The Moon would seem brighter than the Sun if human eyes could see high-energy radiation known as gamma rays. This is precisely how the Moon has been observed in space by NASA’s Fermi Gamma-ray Space Telescope over the last 10 years.
Gamma-ray observations are not adequately sensitive to evidently observe the shape of the Moon’s disk or any surface features. Rather, Fermi’s Large Area Telescope (LAT) spots a noticeable glow centered on the position of the Moon in the sky.
Mario Nicola Mazziotta and Francesco Loparco, from Italy’s National Institute of Nuclear Physics in Bari, have been studying the gamma-ray glow of the Moon to gain better insights into another type of radiation from space—cosmic rays, which are rapidly moving particles.
Cosmic rays are mostly protons accelerated by some of the most energetic phenomena in the universe, like the blast waves of exploding stars and jets produced when matter falls into black holes.
Mario Nicola Mazziotta, National Institute of Nuclear Physics–Bari
Since the particles are electrically charged, the magnetic fields (which the Moon lacks) has a strong impact on the particles. Therefore, cosmic rays even with low energy can reach the surface, transforming the Moon into a convenient space-based particle detector.
The cosmic rays that hit the Moon interact with its powdery surface, known as the regolith, to generate gamma-ray emission. Although the Moon absorbs a major portion of these gamma rays, some of them still manage to escape.
Through the analysis of Fermi LAT lunar observations, Mazziotta and Loparco demonstrate how the view has become better during the mission. They gathered data for gamma rays with energies more than 31 MeV—over 10 million times greater compared to visible light’s energy—and organized them over time, revealing the way longer exposures enhance the view.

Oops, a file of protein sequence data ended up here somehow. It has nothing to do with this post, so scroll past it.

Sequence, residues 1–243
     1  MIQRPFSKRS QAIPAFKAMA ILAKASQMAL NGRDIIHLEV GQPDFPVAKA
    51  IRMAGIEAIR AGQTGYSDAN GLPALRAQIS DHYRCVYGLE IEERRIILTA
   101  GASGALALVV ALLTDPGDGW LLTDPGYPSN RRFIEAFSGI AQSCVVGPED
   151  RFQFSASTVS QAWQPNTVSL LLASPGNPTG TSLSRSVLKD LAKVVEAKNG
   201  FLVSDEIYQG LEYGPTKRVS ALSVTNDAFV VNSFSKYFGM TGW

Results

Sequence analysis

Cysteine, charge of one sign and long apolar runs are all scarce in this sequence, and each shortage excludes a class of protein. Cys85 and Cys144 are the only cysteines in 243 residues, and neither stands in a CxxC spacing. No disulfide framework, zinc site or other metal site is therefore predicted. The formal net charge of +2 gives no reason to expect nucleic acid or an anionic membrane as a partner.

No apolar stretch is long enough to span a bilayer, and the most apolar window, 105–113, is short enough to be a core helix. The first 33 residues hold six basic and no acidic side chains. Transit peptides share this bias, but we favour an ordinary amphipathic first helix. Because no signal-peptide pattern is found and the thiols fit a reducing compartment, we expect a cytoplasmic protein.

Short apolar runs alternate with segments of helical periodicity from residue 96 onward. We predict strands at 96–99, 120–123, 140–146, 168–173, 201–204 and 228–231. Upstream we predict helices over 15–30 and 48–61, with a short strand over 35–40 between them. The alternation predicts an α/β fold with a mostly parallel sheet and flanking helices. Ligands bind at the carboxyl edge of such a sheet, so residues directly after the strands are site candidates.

Seen at these energies, the Moon would never go through its monthly cycle of phases and would always look full.
Francesco Loparco, National Institute of Nuclear Physics–Bari
With NASA intending to send humans to the Moon by 2024 by means of the Artemis program, with the ultimate aim of sending astronauts to Mars, gaining insights into different aspects of the lunar environment has achieved new significance. The gamma-ray observations point out that on the Moon, astronauts will need protection from the same cosmic rays that generate this high-energy gamma radiation.
Although the gamma-ray glow of the Moon is impressive and astonishing, the Sun shines even brighter in gamma rays with energies over 1 BeV. Cosmic rays that have lower energies do not reach the Sun since its strong magnetic field filters them. However, cosmic rays with much more energies can still pierce through this magnetic shield and hit the denser atmosphere of the Sun, generating gamma rays that can reach Fermi.
The gamma-ray Moon does not exhibit a monthly phase cycle, but there is a change in its brightness over time. Fermi LAT data reveal that the brightness of the Moon differs by roughly 20% over the 11-year activity cycle of the Sun. Changes in the intensity of the magnetic field of Sun during the cycle modify the rate of cosmic rays that reach the Moon, thereby altering the gamma-ray generation.